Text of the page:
As the tragic consequences of high school bullying continue to dominate headlines in both Canada and the U.S., the story of Carrie, the protagonist of Stephen King’s 1974 novel of the same name, seems all too current. Abused at home by her fanatically religious mother, the peculiar Carrie White finds no compassion at school, only ridicule. This could be the story of many tortured young girls across the continent, with one exception: most teenagers can’t unleash one of pop culture’s most infamous prom scenes with their minds.
When it comes to musicals, especially those adapted from well-known films or books, it would be insulting to the audience to pretend they don’t know what will happen, and to rest on the strength of the plot alone. The challenge of any theatre company producing a show like Carrie the musical is to force us to see the story with fresh eyes, while still paying homage to the original. Though I haven’t read Carrie or seen the 1976 film adaptation, the images conjured up by Stephen King and film director Brian De Palma have become so iconic that I was familiar with the major plot points before I even walked into the Jericho on Friday. Audience members entering the playing space were immediately greeted by a floor-to-ceiling white set, blank except for the word “Carrie” scrawled over and over in black crayon, a nod, I felt, to the influence this name now has on our cultural imagination.
On the whole, Fighting Chance has mounted a success (this is also the first Canadian regional production of Carrie the musical). The production is sympathetic not only to the lonely Carrie but also to her classmates at school, who may take part in her bullying but are, in some ways, subject to many of the same pressures Carrie feels and are trying to protect themselves. There are even shreds of pity to be had for villainous Teen Bitch Chris Hargensen (architect of the pig’s blood plot) and oppressive, morbidly religious Margaret White. The chorus of Chamberlain High students is strong and the teenaged characters manage to evoke feelings of excitement and nostalgia for the last days of high school, even as we know the “night [they’ll] never forget” will end in carnage.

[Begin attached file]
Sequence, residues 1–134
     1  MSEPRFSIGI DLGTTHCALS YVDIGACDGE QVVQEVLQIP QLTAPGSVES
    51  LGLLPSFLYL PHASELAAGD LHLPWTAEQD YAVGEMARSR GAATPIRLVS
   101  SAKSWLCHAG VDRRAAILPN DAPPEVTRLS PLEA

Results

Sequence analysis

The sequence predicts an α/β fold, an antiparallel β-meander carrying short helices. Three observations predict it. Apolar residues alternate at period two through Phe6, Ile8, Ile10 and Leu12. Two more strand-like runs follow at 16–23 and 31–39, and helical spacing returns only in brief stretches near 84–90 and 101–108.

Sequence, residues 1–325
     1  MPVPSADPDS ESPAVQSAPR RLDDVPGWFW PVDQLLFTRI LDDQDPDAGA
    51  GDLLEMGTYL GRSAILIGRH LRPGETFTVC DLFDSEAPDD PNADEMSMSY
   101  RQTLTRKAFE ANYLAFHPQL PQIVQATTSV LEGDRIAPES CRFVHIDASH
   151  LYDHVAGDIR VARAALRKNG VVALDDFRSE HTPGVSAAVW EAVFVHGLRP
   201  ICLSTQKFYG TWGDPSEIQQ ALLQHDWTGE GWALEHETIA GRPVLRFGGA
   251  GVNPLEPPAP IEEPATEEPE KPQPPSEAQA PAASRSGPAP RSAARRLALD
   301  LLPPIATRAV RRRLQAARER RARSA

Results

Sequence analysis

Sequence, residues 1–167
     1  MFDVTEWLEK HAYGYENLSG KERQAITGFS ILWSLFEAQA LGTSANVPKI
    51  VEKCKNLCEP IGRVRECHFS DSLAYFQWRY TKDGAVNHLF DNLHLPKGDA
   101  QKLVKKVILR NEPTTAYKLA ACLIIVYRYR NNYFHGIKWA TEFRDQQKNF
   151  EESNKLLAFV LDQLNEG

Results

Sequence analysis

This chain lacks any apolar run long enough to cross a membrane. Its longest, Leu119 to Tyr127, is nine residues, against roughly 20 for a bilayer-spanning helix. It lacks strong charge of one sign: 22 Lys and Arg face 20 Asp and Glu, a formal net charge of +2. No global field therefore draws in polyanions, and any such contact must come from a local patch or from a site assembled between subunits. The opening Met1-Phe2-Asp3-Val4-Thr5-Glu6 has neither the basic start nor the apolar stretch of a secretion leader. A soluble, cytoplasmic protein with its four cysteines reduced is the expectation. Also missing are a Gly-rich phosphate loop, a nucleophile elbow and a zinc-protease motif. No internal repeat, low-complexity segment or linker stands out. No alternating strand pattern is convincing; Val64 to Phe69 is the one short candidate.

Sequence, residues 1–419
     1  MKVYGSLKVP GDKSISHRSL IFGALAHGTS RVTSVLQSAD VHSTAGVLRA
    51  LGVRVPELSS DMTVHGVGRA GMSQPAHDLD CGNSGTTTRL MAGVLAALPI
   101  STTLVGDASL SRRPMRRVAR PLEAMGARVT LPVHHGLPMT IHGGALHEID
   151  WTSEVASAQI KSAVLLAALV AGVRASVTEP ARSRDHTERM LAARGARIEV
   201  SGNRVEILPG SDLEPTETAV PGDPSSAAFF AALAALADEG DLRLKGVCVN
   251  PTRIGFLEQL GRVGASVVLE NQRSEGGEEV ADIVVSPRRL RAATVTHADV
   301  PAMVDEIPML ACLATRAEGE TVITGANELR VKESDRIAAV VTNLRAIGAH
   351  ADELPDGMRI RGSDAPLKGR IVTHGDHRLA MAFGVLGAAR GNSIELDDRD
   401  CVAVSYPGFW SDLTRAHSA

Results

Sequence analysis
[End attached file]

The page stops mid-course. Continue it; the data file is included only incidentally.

By far the most powerful scenes in this production are those between Ranae Miller (Carrie White) and Sabrina Prada (Margaret White). Miller and White are incredibly strong performers and their duets reveal much about the warped complexities of their relationship, rife with abuse, fear, and yes, a terrible amount of love. It is in these mother-daughter scenes that much of the show’s later horror is established and maintained–their first duet, “And Eve Was Weak”, in which Mrs. White physically punishes Carrie for getting her period, is especially chilling. Carrie’s innocent desire to blossom into womanhood and her mother’s need for absolute moral control balance each scene on a knife’s edge and these roles could not have been better cast.
On the technical side, I appreciated Fighting Chance’s use of a live band (it just makes a show so much more cohesive and immediate) and director/set designer Ryan Mooney’s use of colour in the production. The white floor and walls, coupled with costuming details like Carrie’s mother’s bleached white night gown, provide a blank canvas energetically imbued with the blood we know is coming. And Carrie just wouldn’t be Carrie without the blood.
Performances of Carrie the musical will run at the Jericho Arts Centre until October 25. Tickets can be purchased online through Tickets Tonight.
Disclosure: My tickets to see Friday’s performance were provided by Fighting Chance Productions.